Friday, July 5, 2013

Grass court rule book prevents wearing safer shoes?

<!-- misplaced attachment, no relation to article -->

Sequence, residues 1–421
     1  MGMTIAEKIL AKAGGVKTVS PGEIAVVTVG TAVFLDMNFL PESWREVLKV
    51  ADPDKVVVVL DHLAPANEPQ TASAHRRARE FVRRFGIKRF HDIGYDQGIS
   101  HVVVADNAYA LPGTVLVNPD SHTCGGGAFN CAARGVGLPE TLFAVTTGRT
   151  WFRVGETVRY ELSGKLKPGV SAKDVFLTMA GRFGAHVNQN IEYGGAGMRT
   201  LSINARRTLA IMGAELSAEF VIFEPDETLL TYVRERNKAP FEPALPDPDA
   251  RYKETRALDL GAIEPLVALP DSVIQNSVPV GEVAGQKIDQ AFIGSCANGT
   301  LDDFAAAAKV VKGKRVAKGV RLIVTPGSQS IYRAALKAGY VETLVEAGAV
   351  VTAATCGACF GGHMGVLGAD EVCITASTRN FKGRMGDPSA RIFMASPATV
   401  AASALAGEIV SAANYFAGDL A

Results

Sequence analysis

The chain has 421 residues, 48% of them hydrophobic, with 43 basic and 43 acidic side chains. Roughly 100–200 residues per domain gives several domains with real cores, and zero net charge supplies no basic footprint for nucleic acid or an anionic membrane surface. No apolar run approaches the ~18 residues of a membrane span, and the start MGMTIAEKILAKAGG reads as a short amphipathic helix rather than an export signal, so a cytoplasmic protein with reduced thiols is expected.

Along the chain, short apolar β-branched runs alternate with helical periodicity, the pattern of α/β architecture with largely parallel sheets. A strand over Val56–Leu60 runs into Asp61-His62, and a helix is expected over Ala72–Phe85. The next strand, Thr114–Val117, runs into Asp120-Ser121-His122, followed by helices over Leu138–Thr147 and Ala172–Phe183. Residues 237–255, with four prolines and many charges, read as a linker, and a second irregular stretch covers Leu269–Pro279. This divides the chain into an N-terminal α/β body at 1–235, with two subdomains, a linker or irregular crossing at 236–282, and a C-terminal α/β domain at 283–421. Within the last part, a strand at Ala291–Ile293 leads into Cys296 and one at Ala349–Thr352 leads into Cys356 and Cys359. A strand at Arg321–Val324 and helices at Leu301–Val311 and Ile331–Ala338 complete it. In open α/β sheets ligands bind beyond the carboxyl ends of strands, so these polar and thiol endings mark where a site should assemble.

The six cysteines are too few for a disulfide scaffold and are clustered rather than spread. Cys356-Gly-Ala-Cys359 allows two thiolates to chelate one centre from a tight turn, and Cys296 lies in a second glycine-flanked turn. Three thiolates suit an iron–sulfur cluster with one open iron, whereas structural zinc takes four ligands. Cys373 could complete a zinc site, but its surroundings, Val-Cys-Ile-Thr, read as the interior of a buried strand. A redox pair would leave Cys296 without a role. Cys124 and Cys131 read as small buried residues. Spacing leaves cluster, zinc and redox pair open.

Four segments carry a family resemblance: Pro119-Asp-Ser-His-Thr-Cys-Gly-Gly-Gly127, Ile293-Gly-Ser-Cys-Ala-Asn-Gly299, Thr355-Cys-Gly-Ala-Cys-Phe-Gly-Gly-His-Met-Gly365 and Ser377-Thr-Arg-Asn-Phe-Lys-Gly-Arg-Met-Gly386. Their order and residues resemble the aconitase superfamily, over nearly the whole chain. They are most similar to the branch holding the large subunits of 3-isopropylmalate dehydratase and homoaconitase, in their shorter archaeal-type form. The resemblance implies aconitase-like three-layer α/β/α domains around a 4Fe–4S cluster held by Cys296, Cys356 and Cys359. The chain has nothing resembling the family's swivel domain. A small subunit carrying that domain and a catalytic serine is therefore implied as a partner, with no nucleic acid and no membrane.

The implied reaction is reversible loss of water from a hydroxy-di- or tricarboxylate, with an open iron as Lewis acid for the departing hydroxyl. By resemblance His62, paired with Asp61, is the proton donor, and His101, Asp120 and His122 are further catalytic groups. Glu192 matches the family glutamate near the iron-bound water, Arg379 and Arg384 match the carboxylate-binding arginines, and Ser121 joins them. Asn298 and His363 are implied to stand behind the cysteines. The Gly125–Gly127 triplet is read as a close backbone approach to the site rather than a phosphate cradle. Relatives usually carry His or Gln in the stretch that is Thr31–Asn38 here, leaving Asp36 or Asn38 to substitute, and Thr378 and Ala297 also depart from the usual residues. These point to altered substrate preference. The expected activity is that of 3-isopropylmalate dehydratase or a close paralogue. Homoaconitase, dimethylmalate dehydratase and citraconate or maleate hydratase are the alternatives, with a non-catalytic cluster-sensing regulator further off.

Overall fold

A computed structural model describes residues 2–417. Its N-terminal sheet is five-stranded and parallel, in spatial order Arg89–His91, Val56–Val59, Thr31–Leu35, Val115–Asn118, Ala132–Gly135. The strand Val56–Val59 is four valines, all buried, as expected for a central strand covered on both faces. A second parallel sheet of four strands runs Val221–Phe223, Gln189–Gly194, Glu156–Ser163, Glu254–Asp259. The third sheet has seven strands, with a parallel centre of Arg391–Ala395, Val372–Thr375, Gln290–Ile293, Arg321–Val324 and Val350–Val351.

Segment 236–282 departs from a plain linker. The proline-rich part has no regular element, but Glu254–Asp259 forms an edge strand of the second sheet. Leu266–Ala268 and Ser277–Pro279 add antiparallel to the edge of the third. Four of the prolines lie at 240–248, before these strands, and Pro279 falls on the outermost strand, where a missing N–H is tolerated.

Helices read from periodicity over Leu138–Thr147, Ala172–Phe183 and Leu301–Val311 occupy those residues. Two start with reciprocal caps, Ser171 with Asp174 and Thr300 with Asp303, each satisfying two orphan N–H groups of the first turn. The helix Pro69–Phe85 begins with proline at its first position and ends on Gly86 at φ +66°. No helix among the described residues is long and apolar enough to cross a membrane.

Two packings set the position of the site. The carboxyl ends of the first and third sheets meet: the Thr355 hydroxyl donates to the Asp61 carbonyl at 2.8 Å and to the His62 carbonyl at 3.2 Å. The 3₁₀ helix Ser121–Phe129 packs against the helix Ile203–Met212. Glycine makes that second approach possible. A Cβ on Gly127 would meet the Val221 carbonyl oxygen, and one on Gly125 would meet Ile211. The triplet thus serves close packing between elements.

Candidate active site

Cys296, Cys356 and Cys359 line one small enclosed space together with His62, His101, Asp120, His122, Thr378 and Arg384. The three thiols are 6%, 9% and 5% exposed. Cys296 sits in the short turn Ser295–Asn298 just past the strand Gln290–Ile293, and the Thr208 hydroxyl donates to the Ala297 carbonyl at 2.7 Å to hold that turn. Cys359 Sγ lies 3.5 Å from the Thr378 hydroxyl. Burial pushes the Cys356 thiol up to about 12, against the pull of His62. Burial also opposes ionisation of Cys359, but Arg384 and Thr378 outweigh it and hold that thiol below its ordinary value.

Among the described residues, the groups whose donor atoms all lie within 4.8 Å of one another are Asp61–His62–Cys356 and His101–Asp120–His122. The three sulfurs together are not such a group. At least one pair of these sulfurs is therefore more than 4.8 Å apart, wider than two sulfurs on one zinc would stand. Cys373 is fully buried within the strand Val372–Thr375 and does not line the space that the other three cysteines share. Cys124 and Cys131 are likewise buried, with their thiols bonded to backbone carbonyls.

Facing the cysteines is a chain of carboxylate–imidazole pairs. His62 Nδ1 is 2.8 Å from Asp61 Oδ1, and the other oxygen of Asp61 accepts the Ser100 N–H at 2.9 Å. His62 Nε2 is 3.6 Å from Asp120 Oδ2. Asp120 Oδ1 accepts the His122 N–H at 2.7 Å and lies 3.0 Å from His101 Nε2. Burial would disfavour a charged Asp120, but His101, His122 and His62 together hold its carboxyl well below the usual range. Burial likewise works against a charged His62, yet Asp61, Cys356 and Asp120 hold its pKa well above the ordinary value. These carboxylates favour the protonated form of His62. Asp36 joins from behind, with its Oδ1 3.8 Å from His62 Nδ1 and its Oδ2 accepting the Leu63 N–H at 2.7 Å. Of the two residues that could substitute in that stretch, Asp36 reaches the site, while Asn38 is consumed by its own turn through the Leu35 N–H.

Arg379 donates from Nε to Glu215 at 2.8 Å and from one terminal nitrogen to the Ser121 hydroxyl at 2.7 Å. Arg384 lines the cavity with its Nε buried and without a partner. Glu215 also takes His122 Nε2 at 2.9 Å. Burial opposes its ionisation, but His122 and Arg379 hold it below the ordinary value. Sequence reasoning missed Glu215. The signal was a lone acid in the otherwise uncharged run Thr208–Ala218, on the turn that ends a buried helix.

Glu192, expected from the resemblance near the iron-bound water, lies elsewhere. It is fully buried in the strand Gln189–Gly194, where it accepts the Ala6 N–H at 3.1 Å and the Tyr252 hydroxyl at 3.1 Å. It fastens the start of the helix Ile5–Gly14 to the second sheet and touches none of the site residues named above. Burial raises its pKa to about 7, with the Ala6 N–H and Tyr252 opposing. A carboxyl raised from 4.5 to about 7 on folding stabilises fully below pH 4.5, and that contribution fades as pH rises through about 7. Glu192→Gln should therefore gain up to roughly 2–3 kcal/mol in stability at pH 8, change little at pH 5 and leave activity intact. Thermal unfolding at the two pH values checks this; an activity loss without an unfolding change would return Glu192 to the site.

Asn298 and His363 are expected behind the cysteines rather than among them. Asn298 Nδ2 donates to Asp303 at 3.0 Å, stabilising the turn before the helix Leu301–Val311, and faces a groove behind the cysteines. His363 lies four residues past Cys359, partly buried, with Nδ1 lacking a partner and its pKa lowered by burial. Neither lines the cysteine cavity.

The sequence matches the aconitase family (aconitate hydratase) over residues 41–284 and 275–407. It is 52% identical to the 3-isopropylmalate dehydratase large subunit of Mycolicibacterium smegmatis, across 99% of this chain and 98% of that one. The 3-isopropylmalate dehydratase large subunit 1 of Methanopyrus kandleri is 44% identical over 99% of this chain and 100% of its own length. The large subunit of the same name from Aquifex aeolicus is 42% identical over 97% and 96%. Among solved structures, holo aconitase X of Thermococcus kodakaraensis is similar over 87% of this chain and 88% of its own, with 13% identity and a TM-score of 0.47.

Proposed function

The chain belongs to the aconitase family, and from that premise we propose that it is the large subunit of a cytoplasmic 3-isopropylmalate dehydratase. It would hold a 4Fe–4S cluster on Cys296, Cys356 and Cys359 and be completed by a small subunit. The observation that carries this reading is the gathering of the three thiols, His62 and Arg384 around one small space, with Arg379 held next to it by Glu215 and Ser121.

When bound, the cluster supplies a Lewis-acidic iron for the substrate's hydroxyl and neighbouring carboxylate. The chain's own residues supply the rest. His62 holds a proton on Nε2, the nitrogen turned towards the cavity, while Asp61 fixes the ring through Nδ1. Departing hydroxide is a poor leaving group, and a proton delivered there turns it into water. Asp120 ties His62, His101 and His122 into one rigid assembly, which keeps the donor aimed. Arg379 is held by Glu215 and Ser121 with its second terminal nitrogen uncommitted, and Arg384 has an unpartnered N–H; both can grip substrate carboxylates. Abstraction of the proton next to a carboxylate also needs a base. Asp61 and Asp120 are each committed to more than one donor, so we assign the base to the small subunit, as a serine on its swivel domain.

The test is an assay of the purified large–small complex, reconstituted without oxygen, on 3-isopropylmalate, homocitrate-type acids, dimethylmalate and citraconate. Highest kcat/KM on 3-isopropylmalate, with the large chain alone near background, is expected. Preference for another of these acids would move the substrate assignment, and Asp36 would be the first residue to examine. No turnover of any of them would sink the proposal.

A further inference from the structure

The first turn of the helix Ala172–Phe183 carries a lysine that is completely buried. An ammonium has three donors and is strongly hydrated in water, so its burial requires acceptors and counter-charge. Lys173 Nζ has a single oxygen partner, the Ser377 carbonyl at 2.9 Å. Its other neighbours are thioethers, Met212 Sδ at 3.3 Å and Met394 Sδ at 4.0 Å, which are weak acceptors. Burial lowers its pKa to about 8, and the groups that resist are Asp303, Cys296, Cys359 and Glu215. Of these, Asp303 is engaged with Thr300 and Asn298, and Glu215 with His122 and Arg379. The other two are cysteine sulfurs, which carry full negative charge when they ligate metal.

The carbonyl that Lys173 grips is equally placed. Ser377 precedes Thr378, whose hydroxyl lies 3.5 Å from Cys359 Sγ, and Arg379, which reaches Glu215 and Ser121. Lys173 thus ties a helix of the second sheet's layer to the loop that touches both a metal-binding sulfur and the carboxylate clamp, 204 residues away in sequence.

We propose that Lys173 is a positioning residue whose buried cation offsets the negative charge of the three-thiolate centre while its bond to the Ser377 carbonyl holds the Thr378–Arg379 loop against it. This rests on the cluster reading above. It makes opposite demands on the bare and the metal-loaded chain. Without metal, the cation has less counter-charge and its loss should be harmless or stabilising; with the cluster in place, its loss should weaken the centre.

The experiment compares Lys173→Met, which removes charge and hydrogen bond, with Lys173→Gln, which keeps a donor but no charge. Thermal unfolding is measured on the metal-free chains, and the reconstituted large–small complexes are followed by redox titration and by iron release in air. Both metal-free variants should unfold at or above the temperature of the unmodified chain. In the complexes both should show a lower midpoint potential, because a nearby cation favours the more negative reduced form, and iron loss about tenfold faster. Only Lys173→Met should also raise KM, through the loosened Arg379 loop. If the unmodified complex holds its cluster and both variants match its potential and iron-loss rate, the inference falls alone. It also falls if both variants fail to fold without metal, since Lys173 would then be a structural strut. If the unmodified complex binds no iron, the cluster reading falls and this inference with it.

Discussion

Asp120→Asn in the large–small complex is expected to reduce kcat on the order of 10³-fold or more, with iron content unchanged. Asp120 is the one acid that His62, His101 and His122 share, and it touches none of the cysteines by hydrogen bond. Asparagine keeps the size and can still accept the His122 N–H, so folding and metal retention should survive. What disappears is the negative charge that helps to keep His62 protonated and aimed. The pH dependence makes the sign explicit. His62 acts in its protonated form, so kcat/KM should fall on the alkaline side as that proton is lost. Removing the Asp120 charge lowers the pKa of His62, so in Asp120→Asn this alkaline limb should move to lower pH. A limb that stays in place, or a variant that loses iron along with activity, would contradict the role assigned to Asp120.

Prior to the semi finals, Novak Djokovic was told by the All England Club to change his shoes. In the previous rounds Djokovic played with rough foxing around his shoes and did not slip. The foxing of a shoe describes the reinforcement or covering used traditionally to vulcanize (join) the sole and upper of the canvas shoe. According to the Grand Slam Handbook, shoes for grass-court should not have “pimples or studs around the outside of the toes.” Foxing around the toes must be smooth in the competition grass court tennis shoe. Extended traction offered by rubber villi could increase stability on went surfaces and technically give the player greater advantage over their opponent who was not similarly shod. A Wimbledon referee reported Djokovic and he had to change his shoes. During the semi-final against Juan Martin Del Potro, Djokovic slipped on the grass a number of times. This event has once again raised the question about shoe tread and grass surfaces. Earlier Roger Federerwas prevented from wearing his orange-soled shoes due to the “all - white clothing” rule.

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